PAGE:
Merck and Eisai’s Keytruda-Lenvima Combo Dazzles in Endometrial Cancer Trial

 

Merck and Eisai announced that their combination of Merck’s checkpoint inhibitor Keytruda and Eisai’s Lenvima, a tyrosine kinase inhibitor, significantly improved progression-free survival in advanced endometrial cancer. Specifically, the Phase III KEYNOTE-775/Study 309 trial evaluated Keytruda and Lenvima in patients with advanced, metastatic or recurrent endometrial cancer after one previous platinum-based regimen in any setting.

The trial hit the dual primary endpoints of PFS and OS as well as the secondary efficacy endpoint of objective response rate (ORR). Median follow-up was 11.4 months for both the all-comer cohort and the mismatch repair proficient (pMMR) subgroup. In the all-comer population, the drug combination reduced the risk of disease progression or death by 44%, with a median PFS of 7.2 months compared to 3.8 months for patients who received chemotherapy, which was a physician’s choice of doxorubicin or paclitaxel.

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A statistically significant and clinically meaningful improvement in OS was observed in the all-comer population, where the drug combo decreased the risk of death by 38% with a median OS of 18.3 months compared to 11.4 months for the chemotherapy group.

“Patients diagnosed with endometrial cancer, the most common type of gynecologic cancer in the U.S., face low survival rates when diagnosed at an advanced stage or at recurrence, especially once the disease progresses after prior platinum-based therapy and is not amenable to curative surgery or radiation,” said Vicky Makker, Principal Investigator and Medical Oncologist, Memorial Sloan Kettering Cancer Center.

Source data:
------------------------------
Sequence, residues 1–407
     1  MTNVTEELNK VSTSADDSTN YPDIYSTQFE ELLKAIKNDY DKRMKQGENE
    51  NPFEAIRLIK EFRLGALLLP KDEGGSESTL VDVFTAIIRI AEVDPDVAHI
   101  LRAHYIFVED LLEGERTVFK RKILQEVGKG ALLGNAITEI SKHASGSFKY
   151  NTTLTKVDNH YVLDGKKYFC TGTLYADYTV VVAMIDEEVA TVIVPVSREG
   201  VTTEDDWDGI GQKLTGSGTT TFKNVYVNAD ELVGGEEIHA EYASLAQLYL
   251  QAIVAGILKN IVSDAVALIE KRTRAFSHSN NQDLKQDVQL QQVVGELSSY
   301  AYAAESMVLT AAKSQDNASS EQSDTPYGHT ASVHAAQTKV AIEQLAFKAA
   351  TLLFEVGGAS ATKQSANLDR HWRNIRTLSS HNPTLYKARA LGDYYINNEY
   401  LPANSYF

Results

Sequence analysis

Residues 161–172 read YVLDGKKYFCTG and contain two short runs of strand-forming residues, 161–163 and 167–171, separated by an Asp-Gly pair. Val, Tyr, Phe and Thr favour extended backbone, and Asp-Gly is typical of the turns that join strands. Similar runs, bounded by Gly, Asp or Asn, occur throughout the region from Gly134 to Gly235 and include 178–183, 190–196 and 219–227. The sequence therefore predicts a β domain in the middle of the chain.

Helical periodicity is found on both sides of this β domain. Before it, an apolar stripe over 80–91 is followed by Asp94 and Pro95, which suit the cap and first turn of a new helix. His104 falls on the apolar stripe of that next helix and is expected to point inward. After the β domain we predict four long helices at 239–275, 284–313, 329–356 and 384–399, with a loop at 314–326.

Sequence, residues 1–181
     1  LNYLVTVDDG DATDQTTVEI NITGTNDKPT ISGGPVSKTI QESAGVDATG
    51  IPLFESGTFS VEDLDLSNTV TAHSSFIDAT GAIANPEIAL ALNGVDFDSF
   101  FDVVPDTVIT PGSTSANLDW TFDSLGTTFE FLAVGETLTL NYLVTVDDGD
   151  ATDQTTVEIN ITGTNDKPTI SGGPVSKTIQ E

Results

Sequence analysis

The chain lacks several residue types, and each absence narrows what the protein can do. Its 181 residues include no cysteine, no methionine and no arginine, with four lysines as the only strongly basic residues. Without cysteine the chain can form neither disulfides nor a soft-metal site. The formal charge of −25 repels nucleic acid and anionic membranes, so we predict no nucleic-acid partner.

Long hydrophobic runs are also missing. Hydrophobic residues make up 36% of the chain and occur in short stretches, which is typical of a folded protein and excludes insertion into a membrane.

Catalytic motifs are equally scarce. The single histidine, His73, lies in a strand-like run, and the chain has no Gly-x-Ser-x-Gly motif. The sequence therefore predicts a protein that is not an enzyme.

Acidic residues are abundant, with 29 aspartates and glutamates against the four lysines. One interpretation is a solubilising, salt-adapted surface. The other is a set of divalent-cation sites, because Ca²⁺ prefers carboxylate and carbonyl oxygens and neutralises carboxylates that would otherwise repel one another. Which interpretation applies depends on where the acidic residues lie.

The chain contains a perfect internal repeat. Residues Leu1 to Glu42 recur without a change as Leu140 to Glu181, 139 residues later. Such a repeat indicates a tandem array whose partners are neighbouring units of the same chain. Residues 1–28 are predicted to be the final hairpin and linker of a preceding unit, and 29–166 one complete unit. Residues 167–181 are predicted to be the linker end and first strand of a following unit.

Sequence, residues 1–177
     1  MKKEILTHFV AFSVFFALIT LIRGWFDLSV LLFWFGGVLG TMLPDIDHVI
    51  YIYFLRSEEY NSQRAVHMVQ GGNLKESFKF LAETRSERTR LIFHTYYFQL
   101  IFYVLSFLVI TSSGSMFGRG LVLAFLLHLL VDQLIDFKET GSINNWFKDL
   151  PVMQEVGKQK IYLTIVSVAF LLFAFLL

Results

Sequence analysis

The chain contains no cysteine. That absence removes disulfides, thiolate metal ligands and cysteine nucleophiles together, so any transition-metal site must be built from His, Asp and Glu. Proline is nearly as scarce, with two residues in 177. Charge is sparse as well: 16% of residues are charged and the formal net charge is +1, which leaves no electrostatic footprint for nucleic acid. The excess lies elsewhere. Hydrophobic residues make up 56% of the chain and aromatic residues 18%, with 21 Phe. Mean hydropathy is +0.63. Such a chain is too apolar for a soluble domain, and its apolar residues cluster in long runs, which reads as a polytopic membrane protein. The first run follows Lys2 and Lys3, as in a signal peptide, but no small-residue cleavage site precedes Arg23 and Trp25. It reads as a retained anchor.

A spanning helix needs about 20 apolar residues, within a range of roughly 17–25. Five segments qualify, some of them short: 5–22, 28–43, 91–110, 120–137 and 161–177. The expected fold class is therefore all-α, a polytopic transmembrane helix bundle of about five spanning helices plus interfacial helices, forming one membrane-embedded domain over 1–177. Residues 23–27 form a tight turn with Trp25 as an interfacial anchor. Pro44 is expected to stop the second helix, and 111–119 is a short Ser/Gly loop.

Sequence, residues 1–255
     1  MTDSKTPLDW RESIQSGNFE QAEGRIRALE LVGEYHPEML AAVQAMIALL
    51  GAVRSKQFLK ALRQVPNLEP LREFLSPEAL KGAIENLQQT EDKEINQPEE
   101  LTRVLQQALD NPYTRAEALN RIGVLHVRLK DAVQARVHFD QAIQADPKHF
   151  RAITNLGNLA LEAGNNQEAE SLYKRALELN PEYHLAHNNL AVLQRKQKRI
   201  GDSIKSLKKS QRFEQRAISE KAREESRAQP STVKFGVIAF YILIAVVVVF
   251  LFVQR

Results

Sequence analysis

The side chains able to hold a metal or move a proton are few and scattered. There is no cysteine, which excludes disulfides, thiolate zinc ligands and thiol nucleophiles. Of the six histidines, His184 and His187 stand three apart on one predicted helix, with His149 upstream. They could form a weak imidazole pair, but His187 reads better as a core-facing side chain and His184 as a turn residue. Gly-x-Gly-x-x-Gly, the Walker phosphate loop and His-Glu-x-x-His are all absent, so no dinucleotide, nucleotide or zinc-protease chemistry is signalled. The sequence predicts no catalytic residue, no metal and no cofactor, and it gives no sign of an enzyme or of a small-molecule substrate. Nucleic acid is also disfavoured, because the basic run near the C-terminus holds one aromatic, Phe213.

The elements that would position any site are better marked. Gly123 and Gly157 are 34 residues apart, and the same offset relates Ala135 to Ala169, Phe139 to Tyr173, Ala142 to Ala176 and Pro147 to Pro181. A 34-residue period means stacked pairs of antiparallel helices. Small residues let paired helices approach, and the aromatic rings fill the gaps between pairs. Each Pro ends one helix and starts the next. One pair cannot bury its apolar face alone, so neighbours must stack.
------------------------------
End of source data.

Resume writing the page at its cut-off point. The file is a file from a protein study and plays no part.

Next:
Makker added, “With a 38% reduction in risk of death regardless of mismatch repair status, Keytruda plus Lenvima significantly improved overall survival compared with chemotherapy in the all-comer group of patients with advanced, metastatic or recurrent endometrial carcinoma, which is very encouraging, as this arm included an investigational patient population for which more data have been sought after by the gynecologic oncology community.”

KEYNOTE-775/Study 309 is a confirmatory clinical trial for KEYNOTE-146/Study 111. KEYNOTE-147/Study111 was the trial that supported the accelerated approval by the U.S. Food and Drug Administration (FDA) of Keytruda plus Lenvima in 2019 for patients with advanced endometrial carcinoma that is not MSI-H or mismatch repair deficient (dMMR), who have disease progression following prior systemic therapy and are not candidates for curative surgery or radiation.

The companies presented the data in an oral plenary session at the virtual Society of Gynecologic Oncology (SGO) 2021 Annual Meeting on Women’s cancer.

Endometrial cancer starts in the inner lining of the uterus, known as the endometrium. It is the most common form of cancer in the uterus. Last year, in 2020, it was estimated there were more than 417,000 new cases and more than 97,000 deaths from uterine body cancers globally—this includes both endometrial cancers and uterine sarcomas. More than 90% of uterine cancers occur in the endometrium.

In the U.S., more than 66,000 new cases of uterine body cancer and almost 13,000 deaths are expected this year. The five-year survival rate for metastatic endometrial cancer (stage IV) is about 17%.

“The positive results seen in KEYNOTE-775/Study 309 help confirm the currently approved use of the Keytruda plus Lenvima combination in certain patients with advanced endometrial carcinoma,” said Takashi Owa, Chief Medicine Creation Officer and Chief Discovery Officer, Oncology Business Group at Eisai. “As this stage of disease has been notoriously difficult to treat, Eisai and Merck remain committed to addressing the unmet need of advanced endometrial carcinoma. We are grateful to the patients and healthcare providers whose participation and persistence amid a global pandemic have made this milestone possible.”

 

BioSpace source:

https://www.biospace.com/article/merck-s-keytruda-and-eisai-s-lenvima-hit-a-homerun-in-endometrial-cancer-trial